JCVI: Maryland-Based Research Lab Completes Study that is Likely to Lead to Development of Novel Meningitis B Vaccine
 
 
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Press Release 10-Mar-2000

PRESS RELEASE

Maryland-Based Research Lab Completes Study that is Likely to Lead to Development of Novel Meningitis B Vaccine

March 10, 2000

ROCKVILLE, MD -- Investigators at The Institute for Genomic Research (TIGR) today announced that they have determined the complete genetic blueprint for Neisseria meningitidis, the primary causative agent of bacterial meningitis. Herví© Tettelin led the team at TIGR that determined the order of all of the 2.27 million individual chemical base units making up N. meningitidis' DNA. This study, reported in the March 10 issue of Science, represents the 10th microbial genome sequencing project completed by TIGR.

 

Neisseria meningitidis (meningococcus), a Gram-negative bacterium, is a cause of life-threatening invasive bacterial infections, especially in young infants. The major diseases caused by N. meningitidis, meningitis and septicaemia, are a significant public health problem and are responsible for deaths and disability through epidemics in sub-Saharan Africa, and sporadic cases that are prevalent in many countries worldwide. Strains of serogroup B are a particular problem because they are a major cause of invasive disease in Europe and the USA and there is currently no effective vaccine. Sequencing the genome of strain MC58 (a serogroup B strain isolated from a case of invasive infection) provides an efficient means of acquiring data relevant to the detailed molecular characterization of this pathogen.

Detailed understanding of the bacterium's pathogenicity determinants was derived from the sequence, with the expert help from the team of E. Richard Moxon, Ph. D., head of the Molecular Infectious Diseases Group, Institute of Molecular Medicine, University of Oxford, UK. The sequence reveals that N. meningitidis contains many more genes that undergo phase variation than any pathogen studied to date, a mechanism that controls their expression and contributes to the ability of the organism to evade the human immune system. It also contains three major islands of horizontal DNA transfer, two of which contain gene coding for proteins involved in pathogenicity, the third island only containing coding sequences for hypothetical proteins.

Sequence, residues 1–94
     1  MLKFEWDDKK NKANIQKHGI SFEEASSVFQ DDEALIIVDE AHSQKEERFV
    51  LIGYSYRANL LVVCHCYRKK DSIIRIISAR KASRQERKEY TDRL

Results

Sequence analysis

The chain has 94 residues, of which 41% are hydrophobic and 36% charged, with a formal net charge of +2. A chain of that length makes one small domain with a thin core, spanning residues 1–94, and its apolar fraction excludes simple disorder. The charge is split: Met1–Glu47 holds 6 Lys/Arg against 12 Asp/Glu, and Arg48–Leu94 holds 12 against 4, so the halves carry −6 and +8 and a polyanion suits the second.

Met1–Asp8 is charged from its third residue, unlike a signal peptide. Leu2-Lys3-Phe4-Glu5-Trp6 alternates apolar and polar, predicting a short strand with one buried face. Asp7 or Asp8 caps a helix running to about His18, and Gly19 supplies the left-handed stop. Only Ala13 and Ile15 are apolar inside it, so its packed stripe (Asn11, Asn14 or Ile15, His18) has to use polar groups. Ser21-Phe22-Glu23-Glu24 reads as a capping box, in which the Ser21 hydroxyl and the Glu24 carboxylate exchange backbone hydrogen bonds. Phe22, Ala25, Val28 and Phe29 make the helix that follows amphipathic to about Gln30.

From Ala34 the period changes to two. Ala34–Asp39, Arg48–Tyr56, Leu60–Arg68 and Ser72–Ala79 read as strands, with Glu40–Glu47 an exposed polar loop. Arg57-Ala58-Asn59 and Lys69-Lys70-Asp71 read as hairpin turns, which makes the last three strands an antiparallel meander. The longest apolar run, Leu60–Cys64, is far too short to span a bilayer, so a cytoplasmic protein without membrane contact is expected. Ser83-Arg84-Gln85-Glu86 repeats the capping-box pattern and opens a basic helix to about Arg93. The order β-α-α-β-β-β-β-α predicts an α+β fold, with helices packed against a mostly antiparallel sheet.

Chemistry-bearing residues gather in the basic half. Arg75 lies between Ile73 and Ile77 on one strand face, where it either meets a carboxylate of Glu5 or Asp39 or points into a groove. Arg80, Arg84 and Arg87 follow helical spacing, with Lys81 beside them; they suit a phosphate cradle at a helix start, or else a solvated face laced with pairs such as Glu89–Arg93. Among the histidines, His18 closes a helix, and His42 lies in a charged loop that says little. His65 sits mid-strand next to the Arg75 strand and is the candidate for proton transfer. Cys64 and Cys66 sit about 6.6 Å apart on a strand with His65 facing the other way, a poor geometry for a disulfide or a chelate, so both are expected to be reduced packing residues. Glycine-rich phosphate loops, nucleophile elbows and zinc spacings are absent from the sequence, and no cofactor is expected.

In an accompanying paper, Chiron Corporation, which funded this work, also reported that it has used this detailed information on the microorganism's genetic structure to identify novel vaccine candidates against meningococcal disease. This is the first demonstration of the important role that genomics can play in the development of commercial products. "The completion of the genome sequence of Neisseria meningitidis represents a big step forward in the molecular understanding of an important human pathogen," states Claire Fraser, Ph.D., president of TIGR. "What makes this project unique is the fact that as the DNA sequence information was being generated at TIGR, our collaborators at Chiron were using this information in the search for new vaccine candidates".

"This project benefited to a great extent by the collaboration between groups of scientists with expertise in genomics, molecular microbiology, and immunology," says Herví© Tettelin, Ph.D., principal investigator for the project. "Our combined approach clearly demonstrates the ultimate power of genomics to rapidly impact human health". Using information derived from the DNA sequence, Chiron investigators were able to identify novel surface proteins in N. meningitidis. These newly discovered proteins behave differently from those previously identified and are present across a wide range of strains. Researchers have also shown that these proteins can stimulate an antibody response capable of killing the bacterium, a property known to correlate with vaccine efficacy in humans. Work is now underway to identify the most promising vaccine candidate(s) incorporating one or more of these surface-expressed proteins.

"Conventional research approaches to protect against different strains of meningococcal B disease have failed. A genomics-based approach is a completely novel paradigm for developing new methods of protection. Through this research we have a better understanding of the disease process. Using these insights, we are creating a vaccine capable of protecting against the broad diversity of invasive strains of this virulent microorganism," says Rino Rappuoli, Ph.D., vice president of research at Chiron's Italian facility, located in Siena.

A detailed description of the N. meningitidis genome is available through TIGR's Microbial Database on the World Wide Web at (www.tigr.org).